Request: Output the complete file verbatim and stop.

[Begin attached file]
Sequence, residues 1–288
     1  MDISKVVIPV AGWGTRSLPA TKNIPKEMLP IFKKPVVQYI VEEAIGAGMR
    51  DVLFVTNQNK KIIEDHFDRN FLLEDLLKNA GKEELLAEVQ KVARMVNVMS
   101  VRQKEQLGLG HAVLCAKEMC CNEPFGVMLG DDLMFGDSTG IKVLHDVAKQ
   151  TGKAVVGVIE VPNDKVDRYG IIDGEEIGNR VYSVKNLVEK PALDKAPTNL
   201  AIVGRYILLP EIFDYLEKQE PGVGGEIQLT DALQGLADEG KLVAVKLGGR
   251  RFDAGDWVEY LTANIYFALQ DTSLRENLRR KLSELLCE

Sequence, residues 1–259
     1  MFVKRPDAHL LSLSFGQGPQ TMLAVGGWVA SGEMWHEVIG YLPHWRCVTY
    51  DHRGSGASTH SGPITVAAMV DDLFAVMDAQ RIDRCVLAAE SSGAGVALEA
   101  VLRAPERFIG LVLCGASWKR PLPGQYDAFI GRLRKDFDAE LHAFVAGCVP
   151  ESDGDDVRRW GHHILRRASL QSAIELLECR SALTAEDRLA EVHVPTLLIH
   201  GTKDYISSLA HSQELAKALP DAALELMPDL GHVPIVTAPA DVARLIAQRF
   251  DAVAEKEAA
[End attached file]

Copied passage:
Sequence, residues 1–288
     1  MDISKVVIPV AGWGTRSLPA TKNIPKEMLP IFKKPVVQYI VEEAIGAGMR
    51  DVLFVTNQNK KIIEDHFDRN FLLEDLLKNA GKEELLAEVQ KVARMVNVMS
   101  VRQKEQLGLG HAVLCAKEMC CNEPFGVMLG DDLMFGDSTG IKVLHDVAKQ
   151  TGKAVVGVIE VPNDKVDRYG IIDGEEIGNR VYSVKNLVEK PALDKAPTNL
   201  AIVGRYILLP EIFDYLEKQE PGVGGEIQLT DALQGLADEG KLVAVKLGGR
   251  RFDAGDWVEY LTANIYFALQ DTSLRENLRR KLSELLCE

Sequence, residues 1–259
     1  MFVKRPDAHL LSLSFGQGPQ TMLAVGGWVA SGEMWHEVIG YLPHWRCVTY
    51  DHRGSGASTH SGPITVAAMV DDLFAVMDAQ RIDRCVLAAE SSGAGVALEA
   101  VLRAPERFIG LVLCGASWKR PLPGQYDAFI GRLRKDFDAE LHAFVAGCVP
   151  ESDGDDVRRW GHHILRRASL QSAIELLECR SALTAEDRLA EVHVPTLLIH
   201  GTKDYISSLA HSQELAKALP DAALELMPDL GHVPIVTAPA DVARLIAQRF
   251  DAVAEKEAA